Let H=number of hits to kill an Arbor Squirrel.

5*H/.604 + 5*H/.65 + 5*H/.674 + 5*H/.75 = 350

solving for H, H=11.645. Back calculating the number of trials (swings) in each condition gives:

 
         Total  Orange  Green 
Dex32   185.98  96.40   89.58 
Dex52   164.02  86.39   77.63 


The question of interest is: Does going from Dex32 to Dex52 increase the hit rate of a random swing when fighting a random Arbor Squirrel? From the OP, we know that the sampled % chance of fighting an orange squirrel is the same as the population % chance of fighting an orange squirrel (with some minor error which again will not affect the analysis). Therefore, the samples gathered are distributed in the same manner as the population we wish to sample from.

Applying a two-sample unpooled t-test with unequal variances (Welch's t-test) we get the following.

Let population 1 be the Dex52 case and population 2 be the Dex32 case. The null hypothesis is that there is no increase in hit rate due to Dex changing from 32 to 52. x is the probability of hitting. xbar is the mean of x. xbar1 is the estimated mean of x for population 1. var1 is the estimated variance of x for population 1. n1 is the number of samples in from population 1.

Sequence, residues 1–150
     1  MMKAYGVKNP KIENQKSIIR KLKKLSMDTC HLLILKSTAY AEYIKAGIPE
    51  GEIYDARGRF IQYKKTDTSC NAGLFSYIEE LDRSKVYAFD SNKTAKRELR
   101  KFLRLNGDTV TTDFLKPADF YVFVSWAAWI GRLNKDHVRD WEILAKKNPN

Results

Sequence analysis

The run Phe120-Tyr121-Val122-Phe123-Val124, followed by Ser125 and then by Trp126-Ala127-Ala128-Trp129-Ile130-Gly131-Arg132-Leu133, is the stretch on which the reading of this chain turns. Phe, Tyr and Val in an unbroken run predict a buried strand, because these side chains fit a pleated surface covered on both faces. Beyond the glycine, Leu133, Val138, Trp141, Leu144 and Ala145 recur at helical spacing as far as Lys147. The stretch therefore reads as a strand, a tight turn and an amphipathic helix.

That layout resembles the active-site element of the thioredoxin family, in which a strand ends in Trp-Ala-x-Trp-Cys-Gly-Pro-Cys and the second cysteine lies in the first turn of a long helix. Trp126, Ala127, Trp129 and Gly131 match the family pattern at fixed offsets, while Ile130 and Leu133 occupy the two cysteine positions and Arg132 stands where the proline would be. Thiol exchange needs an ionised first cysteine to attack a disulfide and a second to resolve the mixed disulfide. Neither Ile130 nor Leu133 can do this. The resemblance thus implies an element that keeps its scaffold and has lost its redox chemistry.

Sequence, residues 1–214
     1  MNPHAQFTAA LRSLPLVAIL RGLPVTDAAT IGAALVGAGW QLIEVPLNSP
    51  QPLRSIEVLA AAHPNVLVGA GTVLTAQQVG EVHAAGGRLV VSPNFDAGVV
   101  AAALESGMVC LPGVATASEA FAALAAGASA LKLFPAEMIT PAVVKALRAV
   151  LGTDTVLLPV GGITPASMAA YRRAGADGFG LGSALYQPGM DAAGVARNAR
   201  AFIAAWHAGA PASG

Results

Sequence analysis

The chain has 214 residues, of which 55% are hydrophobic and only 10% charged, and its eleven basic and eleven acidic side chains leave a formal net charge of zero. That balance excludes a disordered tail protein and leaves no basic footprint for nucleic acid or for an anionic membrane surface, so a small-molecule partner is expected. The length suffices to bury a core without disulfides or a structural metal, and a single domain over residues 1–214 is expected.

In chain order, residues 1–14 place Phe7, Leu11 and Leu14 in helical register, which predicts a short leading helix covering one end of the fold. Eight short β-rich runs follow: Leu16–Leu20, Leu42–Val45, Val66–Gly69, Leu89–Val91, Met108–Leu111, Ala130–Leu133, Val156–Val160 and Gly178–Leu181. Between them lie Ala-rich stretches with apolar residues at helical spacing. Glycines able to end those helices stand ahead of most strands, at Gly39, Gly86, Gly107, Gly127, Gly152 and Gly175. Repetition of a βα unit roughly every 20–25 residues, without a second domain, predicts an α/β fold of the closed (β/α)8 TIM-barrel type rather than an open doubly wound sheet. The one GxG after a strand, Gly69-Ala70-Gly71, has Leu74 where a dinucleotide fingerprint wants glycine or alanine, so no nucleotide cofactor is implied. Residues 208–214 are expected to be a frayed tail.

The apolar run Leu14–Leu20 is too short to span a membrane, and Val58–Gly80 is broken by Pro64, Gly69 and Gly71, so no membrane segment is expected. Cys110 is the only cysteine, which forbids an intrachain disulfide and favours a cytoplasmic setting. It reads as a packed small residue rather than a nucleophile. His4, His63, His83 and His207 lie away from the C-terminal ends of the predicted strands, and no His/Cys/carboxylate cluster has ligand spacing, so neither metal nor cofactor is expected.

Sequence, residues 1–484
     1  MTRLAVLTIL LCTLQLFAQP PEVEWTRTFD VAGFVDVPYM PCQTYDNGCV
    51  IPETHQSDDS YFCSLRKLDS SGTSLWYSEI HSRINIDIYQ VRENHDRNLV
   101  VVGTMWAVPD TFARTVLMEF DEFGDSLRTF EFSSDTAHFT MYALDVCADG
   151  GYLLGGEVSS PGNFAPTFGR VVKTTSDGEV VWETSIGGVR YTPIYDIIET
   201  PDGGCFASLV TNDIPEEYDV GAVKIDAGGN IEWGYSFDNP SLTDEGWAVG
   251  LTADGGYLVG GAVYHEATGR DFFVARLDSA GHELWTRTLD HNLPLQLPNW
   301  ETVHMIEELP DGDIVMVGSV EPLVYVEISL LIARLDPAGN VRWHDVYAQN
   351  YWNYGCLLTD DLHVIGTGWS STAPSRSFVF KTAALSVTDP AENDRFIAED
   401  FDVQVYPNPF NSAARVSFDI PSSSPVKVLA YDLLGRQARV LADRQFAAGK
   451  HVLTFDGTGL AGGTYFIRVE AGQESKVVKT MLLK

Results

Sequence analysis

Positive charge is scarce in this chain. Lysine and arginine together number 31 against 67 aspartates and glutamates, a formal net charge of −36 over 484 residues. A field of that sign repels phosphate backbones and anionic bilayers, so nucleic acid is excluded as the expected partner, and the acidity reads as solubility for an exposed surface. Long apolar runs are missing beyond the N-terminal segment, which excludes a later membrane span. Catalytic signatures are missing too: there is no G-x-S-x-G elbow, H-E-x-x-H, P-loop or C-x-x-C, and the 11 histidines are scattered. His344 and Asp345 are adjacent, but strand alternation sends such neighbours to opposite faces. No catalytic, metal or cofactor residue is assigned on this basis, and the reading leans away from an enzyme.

t = ((xbar1 - xbar2) - d0) / sqrt(var1/n1 +var2/n2)

xbar1 = .709
xbar2 = .625
n1 = 164.02
n2 = 185.98
d0 = null hypothesis difference = 0.0

var1 = E(x^2) - E(x)^2

since x only takes on the values 1=hit and 0=miss, x^2=x for all possible values of x.

var1 = E(x^2) - E(x)^2 = E(x) - E(x)^2 = xbar1 - xbar1^2 = .709 - .709^2 = .206
var2 = .625 - .625^2 = .234

t = (.709 - .625) / sqrt(.206/164.02 + .234/185.98)
t = 1.6739

df = degrees of freedom
df = (var1/n1 + var2/n2)^2 / ((var1/n1)^2/(n1-1) + (var2/n2)^2/(n2-1))
df = 346.65